<http://greenbytes.de/tech/webdav/draft-reschke-webdav-search-latest.html#rfc.issue.language-comparison>,
in particular the summary at
<http://greenbytes.de/tech/webdav/draft-reschke-webdav-search-latest.html#unresolved.issues.collations>:


B.1.  Collation Support

    Matching and sorting of textual data relies on collations.  With
    respect to WebDAV SEARCH, a combination of various design approaches
    could be used:

    o  Require server support for specific collations.

    o  Require that the server can advertise which collations it
       supports.

    o  Allow a client to select the collation to be used.

    In practice, the current implementations of WebDAV SEARCH usually
    rely on backends they do not control, and for which collation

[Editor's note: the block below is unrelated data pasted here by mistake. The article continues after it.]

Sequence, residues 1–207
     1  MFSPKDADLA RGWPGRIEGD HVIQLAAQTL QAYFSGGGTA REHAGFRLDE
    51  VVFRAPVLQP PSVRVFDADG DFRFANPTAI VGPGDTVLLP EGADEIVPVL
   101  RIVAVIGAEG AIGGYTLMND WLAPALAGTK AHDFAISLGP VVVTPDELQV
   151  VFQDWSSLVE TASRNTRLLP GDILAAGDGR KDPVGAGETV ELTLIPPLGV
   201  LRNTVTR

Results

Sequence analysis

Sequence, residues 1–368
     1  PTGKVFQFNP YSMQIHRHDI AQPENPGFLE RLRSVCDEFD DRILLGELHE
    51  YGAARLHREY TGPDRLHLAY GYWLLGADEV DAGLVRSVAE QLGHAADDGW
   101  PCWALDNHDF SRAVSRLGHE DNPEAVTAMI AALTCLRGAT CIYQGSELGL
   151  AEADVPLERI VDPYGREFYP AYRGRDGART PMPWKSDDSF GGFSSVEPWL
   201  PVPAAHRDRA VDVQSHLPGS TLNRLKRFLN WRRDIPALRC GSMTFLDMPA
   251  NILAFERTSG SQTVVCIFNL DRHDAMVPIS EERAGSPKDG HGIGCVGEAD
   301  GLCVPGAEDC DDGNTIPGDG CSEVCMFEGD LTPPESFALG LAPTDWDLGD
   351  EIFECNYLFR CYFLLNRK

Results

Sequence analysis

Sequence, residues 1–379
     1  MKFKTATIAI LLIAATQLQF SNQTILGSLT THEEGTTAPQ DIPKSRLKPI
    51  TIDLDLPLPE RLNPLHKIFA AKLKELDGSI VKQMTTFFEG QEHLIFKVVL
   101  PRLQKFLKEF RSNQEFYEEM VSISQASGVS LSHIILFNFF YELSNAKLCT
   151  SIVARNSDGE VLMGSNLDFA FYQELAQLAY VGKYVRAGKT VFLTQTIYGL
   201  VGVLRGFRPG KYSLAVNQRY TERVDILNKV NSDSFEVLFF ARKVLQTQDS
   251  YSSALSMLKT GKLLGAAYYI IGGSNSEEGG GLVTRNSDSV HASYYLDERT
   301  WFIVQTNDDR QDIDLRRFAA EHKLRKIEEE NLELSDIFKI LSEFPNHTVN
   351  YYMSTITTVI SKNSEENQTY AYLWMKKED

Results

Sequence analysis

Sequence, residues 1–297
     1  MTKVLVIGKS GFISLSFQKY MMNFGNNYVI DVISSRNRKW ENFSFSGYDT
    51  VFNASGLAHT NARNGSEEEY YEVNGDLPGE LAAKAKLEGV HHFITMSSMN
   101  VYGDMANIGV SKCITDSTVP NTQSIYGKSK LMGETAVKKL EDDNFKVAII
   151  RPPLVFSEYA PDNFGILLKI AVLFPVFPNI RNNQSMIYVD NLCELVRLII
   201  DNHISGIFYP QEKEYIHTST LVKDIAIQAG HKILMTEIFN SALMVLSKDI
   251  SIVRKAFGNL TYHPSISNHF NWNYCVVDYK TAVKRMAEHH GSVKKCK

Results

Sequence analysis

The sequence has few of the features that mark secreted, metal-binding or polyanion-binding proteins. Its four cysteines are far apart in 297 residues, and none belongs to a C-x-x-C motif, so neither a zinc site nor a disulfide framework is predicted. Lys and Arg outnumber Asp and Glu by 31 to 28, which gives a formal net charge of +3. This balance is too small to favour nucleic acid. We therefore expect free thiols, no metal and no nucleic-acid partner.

information may not be available.  To make things worse,
    implementations of the DAV:basicsearch grammar frequently need to
    combine data from multiple underlying stores (such as properties and
    full text content), and thus collation support may vary based on the
    operator or property.

    Another open issue is what collation formalism to support.  At the
    time of this writing, the two specifications below seem to provide
    the necessary framework and thus may be the base for future work on
    collation support in WebDAV SEARCH:

    1.  "Internet Application Protocol Collation Registry" (<http://
        www.ietf.org/internet-drafts/draft-newman-i18n-comparator-14>).

    2.  "XQuery 1.0 and XPath 2.0 Functions and Operators"
        (<http://www.w3.org/TR/xquery-operators/#collations>).






Best regards, Julian